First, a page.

Topographical Effects on Soil Carbon in a High Grown Tea Plantation of Nawalapitiya

K.T. Kosvinna, E. Lokupitiya

Abstract


Soil organic carbon (SOC) storage is an important component of global carbon cycle and climate change mitigation. SOC storage depends on climate, topography and soil properties. The main objective of this research was to quantify average soil SOC content across the toposequence of a selected mountain terrain. The secondary objective was to compare the impact of microclimatic variables and slope angle on soil organic carbon content. It was hypothesized that mountainous locations with an overall high percent slope have lower SOC than the mountainous locations with lower percent slope.
In this study, four slope positions across the toposequence of two tea fields (Field A and Field B) within Queensberry tea estate, Nawalapitiya were sampled for soil analyses. Measurements on micrometeorological variables (soil and air temperature, relative humidity, wind velocity, light intensity), litter and soil cores were taken in the field, and soil parameters including soil moisture, pH, texture and SOC stocks were analyzed in the laboratory.
The overall average soil organic carbon stock in the studied soils was 159.85 t/ha .The overall percent slope of field A (25 percent) was higher than that of field B (21 percent). A significant difference in soil carbon stock could be seen among the slope positions considered across the toposequence of each field (P<0.0005). Percent soil moisture (P<0.0005; adjusted R²=61.60%) and sampling fields (which differed in overall slope angle; P<0.005; adjusted R²=26.48%) have a notable effect on SOC stock while litter depth (F=2.68; P>0.05) have no significant effect on SOC stock. The SOC stock was higher at the field B (172.16 t/ha) which had the lower percent slope while SOC stock was lower at the field A (147.52t/ha) which had the higher percent slope. Therefor our hypothesis that mountainous locations with high percent slope would have lower SOC than the mountainous locations with lower percent slope was supported.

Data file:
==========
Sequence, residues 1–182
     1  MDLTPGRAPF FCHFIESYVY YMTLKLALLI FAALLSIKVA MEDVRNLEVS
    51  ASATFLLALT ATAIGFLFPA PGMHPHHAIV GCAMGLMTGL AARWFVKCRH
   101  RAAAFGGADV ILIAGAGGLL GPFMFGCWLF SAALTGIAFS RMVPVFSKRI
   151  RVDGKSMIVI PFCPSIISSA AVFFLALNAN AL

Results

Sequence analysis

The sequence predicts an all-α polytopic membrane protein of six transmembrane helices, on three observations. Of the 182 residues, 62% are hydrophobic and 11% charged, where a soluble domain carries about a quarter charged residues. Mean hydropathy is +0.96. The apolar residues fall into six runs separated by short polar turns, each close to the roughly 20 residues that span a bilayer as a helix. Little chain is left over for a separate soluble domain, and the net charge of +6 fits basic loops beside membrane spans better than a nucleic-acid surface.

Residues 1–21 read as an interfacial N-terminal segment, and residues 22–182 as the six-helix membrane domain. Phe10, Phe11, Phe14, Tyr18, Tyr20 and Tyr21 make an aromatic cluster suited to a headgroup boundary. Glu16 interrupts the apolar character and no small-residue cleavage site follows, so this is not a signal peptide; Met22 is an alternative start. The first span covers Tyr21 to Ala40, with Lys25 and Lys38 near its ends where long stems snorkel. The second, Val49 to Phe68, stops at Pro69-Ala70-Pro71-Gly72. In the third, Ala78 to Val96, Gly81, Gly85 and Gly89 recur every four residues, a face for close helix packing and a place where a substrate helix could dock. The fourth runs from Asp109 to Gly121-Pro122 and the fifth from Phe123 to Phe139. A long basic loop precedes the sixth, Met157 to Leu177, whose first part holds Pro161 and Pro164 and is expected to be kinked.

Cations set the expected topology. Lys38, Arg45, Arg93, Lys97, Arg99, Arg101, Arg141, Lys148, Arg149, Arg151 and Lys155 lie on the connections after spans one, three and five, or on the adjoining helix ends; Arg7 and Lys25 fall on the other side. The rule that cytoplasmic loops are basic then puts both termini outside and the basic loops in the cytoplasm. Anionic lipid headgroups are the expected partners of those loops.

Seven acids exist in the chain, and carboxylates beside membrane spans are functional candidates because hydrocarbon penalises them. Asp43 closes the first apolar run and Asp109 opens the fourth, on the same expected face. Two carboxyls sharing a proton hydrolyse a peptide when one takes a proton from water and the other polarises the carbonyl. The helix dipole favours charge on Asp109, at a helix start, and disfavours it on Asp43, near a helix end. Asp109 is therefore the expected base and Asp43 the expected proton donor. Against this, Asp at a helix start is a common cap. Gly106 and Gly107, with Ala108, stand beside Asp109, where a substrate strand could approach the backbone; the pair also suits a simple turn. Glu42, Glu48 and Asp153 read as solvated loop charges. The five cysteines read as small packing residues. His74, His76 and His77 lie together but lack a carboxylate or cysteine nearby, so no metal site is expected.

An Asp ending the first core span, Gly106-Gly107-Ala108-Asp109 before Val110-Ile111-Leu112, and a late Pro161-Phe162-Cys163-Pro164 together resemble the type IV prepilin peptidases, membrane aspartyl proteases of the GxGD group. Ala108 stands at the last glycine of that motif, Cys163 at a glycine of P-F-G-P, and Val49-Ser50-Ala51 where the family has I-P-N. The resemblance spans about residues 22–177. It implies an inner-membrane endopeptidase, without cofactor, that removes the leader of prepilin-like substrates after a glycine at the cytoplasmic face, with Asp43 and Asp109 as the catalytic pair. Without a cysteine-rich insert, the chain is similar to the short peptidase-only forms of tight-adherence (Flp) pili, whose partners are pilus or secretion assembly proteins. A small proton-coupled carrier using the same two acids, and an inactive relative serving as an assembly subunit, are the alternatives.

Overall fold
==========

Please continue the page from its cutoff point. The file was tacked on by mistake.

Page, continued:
Overall, the SOC stocks were significantly different with regard to the differences in slope angle (as found for the two fields) and the slope position across the toposequence (as observed within each field) in the medium-gradient tea plantation considered in the current study. Among the microclimatic variables, only the moisture had a significant influence on the SOC stock.


Keywords: SOC stock, Slope position, Slope angle, Percent soil moisture, Medium-gradient tea plantation


Keywords


SOC stock, Slope position, Slope angle, Percent soil moisture, Medium-gradient tea plantation

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Proceedings of International Forestry and Environment Symposium, Sri Lanka. Published by Department of Forestry and Environmental Science, University of Sri Jayewardenepura